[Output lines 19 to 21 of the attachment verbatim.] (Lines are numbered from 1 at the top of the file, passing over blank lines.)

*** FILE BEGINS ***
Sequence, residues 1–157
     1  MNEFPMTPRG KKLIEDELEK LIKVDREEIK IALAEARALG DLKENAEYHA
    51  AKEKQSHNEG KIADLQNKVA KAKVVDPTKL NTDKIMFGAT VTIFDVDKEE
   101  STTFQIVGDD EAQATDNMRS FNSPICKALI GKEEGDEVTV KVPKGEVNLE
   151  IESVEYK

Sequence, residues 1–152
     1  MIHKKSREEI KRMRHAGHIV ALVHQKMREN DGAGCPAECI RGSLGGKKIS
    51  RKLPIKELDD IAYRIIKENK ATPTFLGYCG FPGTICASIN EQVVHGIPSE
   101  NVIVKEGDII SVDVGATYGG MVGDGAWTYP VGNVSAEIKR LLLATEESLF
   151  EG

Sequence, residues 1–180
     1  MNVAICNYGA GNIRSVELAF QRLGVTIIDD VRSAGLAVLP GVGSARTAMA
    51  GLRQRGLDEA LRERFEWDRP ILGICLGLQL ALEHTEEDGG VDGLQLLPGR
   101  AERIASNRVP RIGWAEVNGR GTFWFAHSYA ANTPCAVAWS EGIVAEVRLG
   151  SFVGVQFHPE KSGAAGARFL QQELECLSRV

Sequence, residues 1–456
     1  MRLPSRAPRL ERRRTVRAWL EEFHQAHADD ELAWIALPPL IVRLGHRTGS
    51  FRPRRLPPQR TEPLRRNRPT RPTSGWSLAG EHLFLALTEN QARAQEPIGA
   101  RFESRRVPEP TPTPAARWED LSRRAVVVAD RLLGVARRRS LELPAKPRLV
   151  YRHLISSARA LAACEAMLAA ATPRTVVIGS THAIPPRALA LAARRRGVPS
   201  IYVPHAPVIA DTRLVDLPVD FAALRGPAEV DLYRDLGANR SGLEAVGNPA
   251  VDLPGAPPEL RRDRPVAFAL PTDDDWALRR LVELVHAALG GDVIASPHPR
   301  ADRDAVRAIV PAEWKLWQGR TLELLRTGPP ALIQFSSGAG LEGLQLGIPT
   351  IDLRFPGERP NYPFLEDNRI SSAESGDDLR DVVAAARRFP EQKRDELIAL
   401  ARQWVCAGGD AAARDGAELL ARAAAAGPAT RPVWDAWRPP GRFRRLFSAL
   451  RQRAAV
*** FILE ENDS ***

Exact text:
   101  RFESRRVPEP TPTPAARWED LSRRAVVVAD RLLGVARRRS LELPAKPRLV
   151  YRHLISSARA LAACEAMLAA ATPRTVVIGS THAIPPRALA LAARRRGVPS
   201  IYVPHAPVIA DTRLVDLPVD FAALRGPAEV DLYRDLGANR SGLEAVGNPA